Lisa Firestone, Ph.D.

Lisa Firestone, Ph.D.
Dr. Lisa Firestone is the Director of Research and Education at The Glendon Association. An accomplished and much requested lecturer, Dr. Firestone speaks at national and international conferences in the areas of couple relations, parenting, and suicide and violence prevention. Dr. Firestone has published numerous professional articles, and most recently was the co-author of Sex and Love in Intimate Relationships (APA Books, 2006), Conquer Your Critical Inner Voice (New Harbinger, 2002), Creating a Life of Meaning and Compassion: The Wisdom of Psychotherapy (APA Books, 2003) and The Self Under Siege (Routledge, 2012). Follow Dr. Firestone on Twitter or Google.

Blogs by Lisa Firestone, Ph.D.

Making Sense of Your Covid Story

New Year’s is often seen as a time to create a new story. This year, with a new surge in the pandemic, many people are left with the unsettling feeling of moving backwards instead of forward. Most of us are afraid of re-experiencing the painful aspects of the past two years, the isolation, the uncertainty…. Read more »

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The Key to Raising Independent, Capable Kids

Am I being nurturing or neglectful? As parents, it can be challenging to find the line between caring for our children and doing too much for them. It can be equally tricky to know when encouraging them to do something on their own has crossed the line into not supporting them when they need us…. Read more »

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Accepting “Good Enough” Friends and Partners

It’s pretty much to be expected that the people who matter most to us also happen to be the ones with whom we spend the most time. Unfortunately, there can be a downside to getting to know someone really well. Not only do we become aware of their flaws or shortcomings, but we may hone… Read more »

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The Destructive Ways We Self-Parent as Adults

The relationship we have with our parents or primary caretakers is almost never black or white. Some of us may be more inclined to idealize our parents, while others may feel especially zoomed in on their shortcomings. Most of us are guilty of both. As adults, we’re often better able to see that our parents… Read more »

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Are You Sabotaging Yourself?

Many people struggle with reconciling what they think they want with what they go about getting. What I mean by that is, they don’t fully understand how and why they get in their own way when it comes to their goals. To a certain degree, many of us don’t actually want what we say we… Read more »

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How to Let People Help You

All of us have a longing to be the recipient of caring gestures and offerings that express thoughtfulness and sensitivity to what we need. However, many of us also experience a certain level of discomfort around receiving because, even as it may benefit us and be what we wish for, it also challenges us. Too… Read more »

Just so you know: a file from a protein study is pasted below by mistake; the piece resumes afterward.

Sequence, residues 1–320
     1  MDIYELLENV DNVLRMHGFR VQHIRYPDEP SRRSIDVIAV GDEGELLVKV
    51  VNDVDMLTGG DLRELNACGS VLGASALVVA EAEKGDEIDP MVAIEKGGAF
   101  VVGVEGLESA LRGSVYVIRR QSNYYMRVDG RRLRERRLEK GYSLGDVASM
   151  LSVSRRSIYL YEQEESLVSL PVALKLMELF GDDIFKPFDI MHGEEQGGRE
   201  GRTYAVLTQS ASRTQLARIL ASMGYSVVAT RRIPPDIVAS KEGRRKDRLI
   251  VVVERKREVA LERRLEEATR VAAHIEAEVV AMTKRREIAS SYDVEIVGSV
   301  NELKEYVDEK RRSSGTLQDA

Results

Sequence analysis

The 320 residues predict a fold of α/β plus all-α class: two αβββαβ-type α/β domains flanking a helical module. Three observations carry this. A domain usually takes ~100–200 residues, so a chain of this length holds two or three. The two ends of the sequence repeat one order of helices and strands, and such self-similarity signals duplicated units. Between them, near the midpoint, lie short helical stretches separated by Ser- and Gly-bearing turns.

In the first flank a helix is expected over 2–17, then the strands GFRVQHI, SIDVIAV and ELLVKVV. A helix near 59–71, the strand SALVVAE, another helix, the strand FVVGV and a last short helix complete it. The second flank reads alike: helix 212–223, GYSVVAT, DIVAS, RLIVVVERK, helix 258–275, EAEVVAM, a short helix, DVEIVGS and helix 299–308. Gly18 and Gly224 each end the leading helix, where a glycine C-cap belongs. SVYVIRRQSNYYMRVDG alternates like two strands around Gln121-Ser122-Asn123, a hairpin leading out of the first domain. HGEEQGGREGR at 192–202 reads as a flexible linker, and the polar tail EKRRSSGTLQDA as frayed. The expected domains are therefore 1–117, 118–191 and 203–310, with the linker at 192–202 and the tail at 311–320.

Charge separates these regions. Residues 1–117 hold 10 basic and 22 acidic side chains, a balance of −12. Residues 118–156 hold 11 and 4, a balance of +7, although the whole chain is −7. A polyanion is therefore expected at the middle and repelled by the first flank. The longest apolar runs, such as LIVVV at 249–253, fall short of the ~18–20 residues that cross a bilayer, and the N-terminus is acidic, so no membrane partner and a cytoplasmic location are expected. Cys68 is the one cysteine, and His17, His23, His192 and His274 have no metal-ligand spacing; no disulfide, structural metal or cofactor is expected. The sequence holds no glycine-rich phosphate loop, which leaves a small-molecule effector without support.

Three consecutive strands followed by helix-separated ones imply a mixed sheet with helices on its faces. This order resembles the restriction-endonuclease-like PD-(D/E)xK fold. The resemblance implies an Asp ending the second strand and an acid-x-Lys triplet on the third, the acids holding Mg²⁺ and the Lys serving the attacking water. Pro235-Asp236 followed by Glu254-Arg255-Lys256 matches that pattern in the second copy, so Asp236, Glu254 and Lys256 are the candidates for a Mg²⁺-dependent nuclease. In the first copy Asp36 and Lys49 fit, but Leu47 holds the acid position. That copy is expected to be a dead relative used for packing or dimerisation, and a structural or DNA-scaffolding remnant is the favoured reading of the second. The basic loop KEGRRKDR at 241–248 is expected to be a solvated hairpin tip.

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Why It’s Okay to Feel Bad About Certain Things

Most of the time, I write about the downsides of self-criticism – so much so that anyone familiar with my work would probably be puzzled by the title of this blog. For years, I’ve centered my research and practice on understanding and challenging a “critical inner voice” we all possess that is way too hard… Read more »

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Why We Must Keep Nurturing Connection

If these past 18 months have forced us to evaluate anything, it’s the importance of connection. Be it through new technologies, outdoor activities, or the little pods we’ve packed into to stay safe, we’ve all had to find creative ways to make connection work in a world of social distancing. Nurturing our relationships is one… Read more »

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Why We Don’t See Ourselves Clearly

On any given day of our lives, our self-esteem is likely to hit plenty of peaks and valleys. One minute, we may feel confident and content, the next we may feel insecure and uneasy. As unsettling as this can be, it’s not uncommon. Our self-perception is often not based on what’s actually going on in… Read more »

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4 Reasons to Take Ownership of Your Feelings

There is a common pattern to the way many people tell stories about their emotions, particularly emotions that come up in their relationships. It involves a passive perspective, a perpetual stance of being made to feel certain ways. “She made me feel like I was invisible.” “He was trying to embarrass me.” “Her nagging is… Read more »

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